I am at Fluff and Fold, a two-buck laundromat, in the west valley of Los Angeles. Ordinarily, I would be washing my clothes and heading over to the corner 7/11 to buy a few magazines and a jug of chocolate milk. Instead I am watching a debate. Not the primetime broadcast kind with dueling Presidential-looking (or not) candidates but the kind of debate, the sweat of folding fitted queen-sized bed sheets into small, flat, and neat compact squares. The kind of talk that is started when all talk of how clean or how white one’s bed sheets should be — ends. Leading to the next natural bit of laundry speak:
“He confessed! Twenty years ago to God and to a Christian group!” A very round and short hispanic man angrily told an equally short hispanic woman.
“I know. The priest should have said something… let the cops know… something.”
“He couldn’t, don’t you see? He couldn’t… the murderer confessed to a group. Not in a one-on-one confessional. Mia… it was not his place to tell, why do you keep going over this…” the portly man feigned a look of genuine sadness as he folded a toddler size K-Mart t-shirt with a faded Batman logo and placing the tee in the laundry basket before him.
Who knew this cash for clean was a mecca in psychological rationalization? Defenders of religion often try to say that we need religion to instill morality, and manage to ascribe this kind of immorality to zealots of “other” religions, but how do we find the morality in any philosophy that would encourage silence and rationalization in the face of such a confession? How do we reconcile an ethic that finds the “Holy Spirit” powerful enough and sufficient to relieve the guilt of a child murderer? Or that puts protected confession above any feeling of empathy for the parents of that murdered little boy? How do we cope with a religion that puts so called “faith” above a proper, conscience-guided sense of right and wrong? Examples abound of religion–all religions, in history and currently–encouraging blind adherence to zealotry and faith, and/or protection of a misguided, entrenched hierarchy over the development of a moral conscience that can distinguish right from wrong, but really, this all still all reminds me of Eichmann’s Nuremberg defense that he was “just following orders”.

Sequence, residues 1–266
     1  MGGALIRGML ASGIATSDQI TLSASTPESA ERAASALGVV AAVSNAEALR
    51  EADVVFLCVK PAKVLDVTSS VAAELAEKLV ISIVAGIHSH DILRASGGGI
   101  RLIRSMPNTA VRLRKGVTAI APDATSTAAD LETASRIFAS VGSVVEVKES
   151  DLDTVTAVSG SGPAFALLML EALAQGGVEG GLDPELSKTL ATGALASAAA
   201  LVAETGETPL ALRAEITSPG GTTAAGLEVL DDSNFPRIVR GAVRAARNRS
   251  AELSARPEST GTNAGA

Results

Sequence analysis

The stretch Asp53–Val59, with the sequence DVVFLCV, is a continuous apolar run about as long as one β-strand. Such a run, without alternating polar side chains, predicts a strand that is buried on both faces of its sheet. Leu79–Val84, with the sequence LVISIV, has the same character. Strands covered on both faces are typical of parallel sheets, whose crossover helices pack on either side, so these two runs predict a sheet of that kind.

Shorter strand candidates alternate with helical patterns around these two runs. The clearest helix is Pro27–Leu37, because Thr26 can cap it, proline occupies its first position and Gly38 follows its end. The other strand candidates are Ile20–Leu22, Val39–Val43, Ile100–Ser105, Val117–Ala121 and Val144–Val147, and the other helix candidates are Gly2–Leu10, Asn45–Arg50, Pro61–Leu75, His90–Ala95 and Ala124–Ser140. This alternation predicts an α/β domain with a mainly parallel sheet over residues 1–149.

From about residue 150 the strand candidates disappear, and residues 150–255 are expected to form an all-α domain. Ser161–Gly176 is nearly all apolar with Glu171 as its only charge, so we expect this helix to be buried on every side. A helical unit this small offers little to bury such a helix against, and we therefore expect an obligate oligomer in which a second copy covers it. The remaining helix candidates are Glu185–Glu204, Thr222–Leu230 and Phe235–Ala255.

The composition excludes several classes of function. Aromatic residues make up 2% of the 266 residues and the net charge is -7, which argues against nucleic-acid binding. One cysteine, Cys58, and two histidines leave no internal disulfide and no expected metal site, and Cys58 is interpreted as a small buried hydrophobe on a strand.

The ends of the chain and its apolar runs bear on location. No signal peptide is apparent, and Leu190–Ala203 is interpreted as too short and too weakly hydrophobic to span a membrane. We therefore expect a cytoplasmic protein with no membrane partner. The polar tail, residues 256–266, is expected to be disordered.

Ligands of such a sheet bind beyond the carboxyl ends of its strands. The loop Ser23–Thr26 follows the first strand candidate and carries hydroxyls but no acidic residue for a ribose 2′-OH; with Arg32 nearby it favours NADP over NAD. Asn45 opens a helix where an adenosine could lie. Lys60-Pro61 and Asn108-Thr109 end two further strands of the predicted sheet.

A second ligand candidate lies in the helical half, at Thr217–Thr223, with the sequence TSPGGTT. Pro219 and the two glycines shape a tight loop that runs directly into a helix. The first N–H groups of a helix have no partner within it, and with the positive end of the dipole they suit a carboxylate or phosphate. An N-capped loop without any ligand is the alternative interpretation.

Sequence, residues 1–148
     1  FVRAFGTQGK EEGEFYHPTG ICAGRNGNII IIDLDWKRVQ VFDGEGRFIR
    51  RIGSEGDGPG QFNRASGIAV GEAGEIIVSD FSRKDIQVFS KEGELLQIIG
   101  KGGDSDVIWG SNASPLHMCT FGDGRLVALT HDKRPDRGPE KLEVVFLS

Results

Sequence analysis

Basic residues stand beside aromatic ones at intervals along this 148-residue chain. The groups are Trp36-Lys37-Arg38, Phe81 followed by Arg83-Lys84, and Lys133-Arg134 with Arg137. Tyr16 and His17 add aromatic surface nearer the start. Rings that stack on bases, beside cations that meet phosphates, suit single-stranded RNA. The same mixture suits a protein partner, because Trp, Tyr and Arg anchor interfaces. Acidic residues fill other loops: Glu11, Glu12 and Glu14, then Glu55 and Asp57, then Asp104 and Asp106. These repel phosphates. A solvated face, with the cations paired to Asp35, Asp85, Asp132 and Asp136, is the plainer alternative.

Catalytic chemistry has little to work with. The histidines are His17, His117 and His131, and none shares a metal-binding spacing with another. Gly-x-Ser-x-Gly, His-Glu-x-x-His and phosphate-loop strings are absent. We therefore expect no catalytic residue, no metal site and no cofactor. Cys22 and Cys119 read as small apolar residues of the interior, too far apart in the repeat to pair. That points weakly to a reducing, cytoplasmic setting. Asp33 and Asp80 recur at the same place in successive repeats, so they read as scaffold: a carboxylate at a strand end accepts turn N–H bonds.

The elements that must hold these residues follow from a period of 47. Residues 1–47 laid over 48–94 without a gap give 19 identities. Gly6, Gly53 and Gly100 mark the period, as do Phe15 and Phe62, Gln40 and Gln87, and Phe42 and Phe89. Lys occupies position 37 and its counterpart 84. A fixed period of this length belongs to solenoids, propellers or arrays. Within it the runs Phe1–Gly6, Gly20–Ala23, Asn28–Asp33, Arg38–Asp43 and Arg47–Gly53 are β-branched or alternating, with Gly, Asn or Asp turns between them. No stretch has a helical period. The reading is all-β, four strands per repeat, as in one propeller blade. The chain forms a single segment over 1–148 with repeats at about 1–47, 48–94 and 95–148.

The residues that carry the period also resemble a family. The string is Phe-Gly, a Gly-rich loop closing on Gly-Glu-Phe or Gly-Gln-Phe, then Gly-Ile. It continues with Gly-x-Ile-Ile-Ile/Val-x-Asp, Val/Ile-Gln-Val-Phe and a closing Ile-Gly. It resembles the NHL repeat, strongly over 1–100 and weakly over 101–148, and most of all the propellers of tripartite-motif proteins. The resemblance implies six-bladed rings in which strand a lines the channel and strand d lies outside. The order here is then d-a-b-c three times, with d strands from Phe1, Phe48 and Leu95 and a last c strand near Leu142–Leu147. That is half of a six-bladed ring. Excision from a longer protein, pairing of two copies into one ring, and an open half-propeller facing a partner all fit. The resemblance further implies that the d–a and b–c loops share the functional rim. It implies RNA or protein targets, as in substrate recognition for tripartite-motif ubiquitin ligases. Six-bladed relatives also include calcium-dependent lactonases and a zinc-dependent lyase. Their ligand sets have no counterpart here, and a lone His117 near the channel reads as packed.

I read the list of Do’s and Don’t’s about suds and softeners and how it applies to this or that kind of washer at this public laundromat. It is an endless list. Just then, I think, what if I were to rebel? And, wash something that is listed as a “do not wash” and wash it anyways? Would I be arrested? Would the quarreling Hispanic couple next to me, send me to a confessional? Would the Holy Spirit of all those washers long since abandoned and rusting in some junkyard near — come after me in a sea of mechanical mechanisms just because I tossed in one too many zipper teeth garments?
Suddenly, I couldn’t bring myself to washing my clothes. I know, I will stink for another day or three… but the important part is I stood up for something! I stood up for not washing my clothes in the face of washer rules — I didn’t agree with both morally, financially, and in the name of preserving what is left of my delicate washed-to-death, under garments.
I will instead, boycott washing my clothes as a statement so others may smell my victory!
And, that my friends! Is an Accomplishment!